This clip from the film “Billy Madison” illustrates the need to be organized. When using it in class, I would start a few seconds into the clip when the Industrial Revolution question is asked and Billy answers (some other versions of the clip at YouTube start there, but this one has better sound). Although the audience reacts positively, the teacher’s response shows that Billy has, in fact, failed to accomplish the goal of the speech.
I would ask some follow-up questions after showing the video:
- While confidence can be faked, the same cannot be said for preparation. What are the signs that Billy is not prepared for his presentation?
- Does the audience enthusiasm translate to a successful presentation?
- Why not?
The Simpsons: Season 4, episode 17
This episode features a sequence at a union meeting where Homer and his fellow employees are offered a new deal on their contract that involves giving up their dental plan. Homer brings a stop to the deal because he recently found out that Lisa will need braces. This leads to some follow-up questions:
- Why did Homer want to kill the new deal?
- If Mr. Burns had anticipated that problem and said that the dental plan would remain for two more years, would Homer have reacted the same way?
- If anyone has seen this episode, what happens?
This leads into a discussion of why it is important to also research the other side of the argument and be prepared to address their objections.
This is often cited as one of the best Simpson episodes — and deserves it. It is rich in terms of persuasive techniques attempted at various points in the impasse.
The Simpsons: Season 6, episode 14
This Simpsons clip contains features yet another town meeting. The residents have gathered to hear the town’s plan to protect them as a comet is hurtling toward the town. It is a nice example of visual aids.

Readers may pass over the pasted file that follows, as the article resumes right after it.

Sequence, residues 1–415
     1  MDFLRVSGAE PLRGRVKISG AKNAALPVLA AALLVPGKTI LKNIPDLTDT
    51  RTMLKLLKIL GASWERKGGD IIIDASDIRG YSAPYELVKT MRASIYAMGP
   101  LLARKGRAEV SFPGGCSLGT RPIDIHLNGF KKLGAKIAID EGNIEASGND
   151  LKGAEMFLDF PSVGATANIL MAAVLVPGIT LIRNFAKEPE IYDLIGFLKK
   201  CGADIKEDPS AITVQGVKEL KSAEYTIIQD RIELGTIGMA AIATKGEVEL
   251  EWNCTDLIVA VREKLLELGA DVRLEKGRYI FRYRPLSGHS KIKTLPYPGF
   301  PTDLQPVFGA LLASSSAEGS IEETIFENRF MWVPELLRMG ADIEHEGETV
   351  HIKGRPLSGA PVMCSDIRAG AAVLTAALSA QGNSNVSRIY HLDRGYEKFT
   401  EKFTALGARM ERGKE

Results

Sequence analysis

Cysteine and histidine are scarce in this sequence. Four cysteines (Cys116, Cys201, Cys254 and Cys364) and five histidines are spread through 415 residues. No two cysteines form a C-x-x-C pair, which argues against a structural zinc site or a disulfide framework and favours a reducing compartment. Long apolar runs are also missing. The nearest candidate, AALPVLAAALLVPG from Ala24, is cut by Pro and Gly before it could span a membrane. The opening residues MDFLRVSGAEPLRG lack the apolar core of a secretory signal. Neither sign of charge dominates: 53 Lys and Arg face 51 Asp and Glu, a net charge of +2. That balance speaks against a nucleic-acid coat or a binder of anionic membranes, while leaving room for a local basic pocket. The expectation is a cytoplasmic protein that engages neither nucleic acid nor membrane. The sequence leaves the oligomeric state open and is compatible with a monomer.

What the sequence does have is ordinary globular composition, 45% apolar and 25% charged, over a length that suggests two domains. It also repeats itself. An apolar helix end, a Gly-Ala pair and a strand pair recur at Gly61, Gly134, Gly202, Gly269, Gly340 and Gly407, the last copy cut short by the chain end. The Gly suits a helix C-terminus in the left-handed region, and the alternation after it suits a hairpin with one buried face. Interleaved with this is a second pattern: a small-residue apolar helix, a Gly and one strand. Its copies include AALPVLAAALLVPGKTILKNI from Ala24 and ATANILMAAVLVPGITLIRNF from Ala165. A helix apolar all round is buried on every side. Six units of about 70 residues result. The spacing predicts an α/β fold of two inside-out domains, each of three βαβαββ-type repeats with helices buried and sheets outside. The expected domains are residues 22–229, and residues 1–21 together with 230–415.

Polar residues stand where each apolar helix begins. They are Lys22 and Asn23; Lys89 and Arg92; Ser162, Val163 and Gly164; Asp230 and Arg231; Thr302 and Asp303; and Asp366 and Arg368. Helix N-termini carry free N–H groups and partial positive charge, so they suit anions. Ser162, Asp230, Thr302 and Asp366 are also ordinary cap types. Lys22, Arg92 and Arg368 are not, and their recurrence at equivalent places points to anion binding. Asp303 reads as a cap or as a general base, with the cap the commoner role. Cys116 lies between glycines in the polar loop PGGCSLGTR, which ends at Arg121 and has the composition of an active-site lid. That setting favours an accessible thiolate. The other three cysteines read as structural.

Some follow-up questions for students:
- What two types of visual aids do we see used here?
- Are they used effectively?
- What function does each serve?
The Simpsons: Season 3, episode 4
In this video, reputed mobster Fat Tony Williams defends his questionable actions to Bart. Bart has taken a job with Fat Tony and had been asked to store a large quantity of cigarettes at his house. Bart later finds out that a truck of cigarettes has been stolen and asks Fat Tony about it.
This clip shows two types of reasoning — deductive and analogical — and at least three logical fallacies. The students can be asked to identify these. This videoclip is currently available for free at SimpsonsWorld.com.
The Simpsons: Season 20, episode 8
Audience adaptation involves adjusting your message to reach your audience, but is not the same thing as telling an audience what it wants to hear. In this episode of “The Simpsons” is a scene where Lisa and Mr. Burns both make a persuasive appeal to the Springfield audience. Lisa’s impassioned plea to save the bees falls short when Mr. Burns manipulates the audience to achieve his goal.
Follow-up questions include: What more could Lisa have done to appeal to the audience? Did Mr. Burns break any ethical rules with his approach?
The Simpsons: Season 3, episode 23
In this episode, Lisa orders Homer subliminal tapes that are meant to help him lose weight with no effort. The tape supplier sends “vocabulary builder” tapes instead. Homer is discouraged that the tapes are not working, but they actually are.
One portion of the clip is now available here. It is a nice illustration of the difference between using language that is accurate and language that is clear.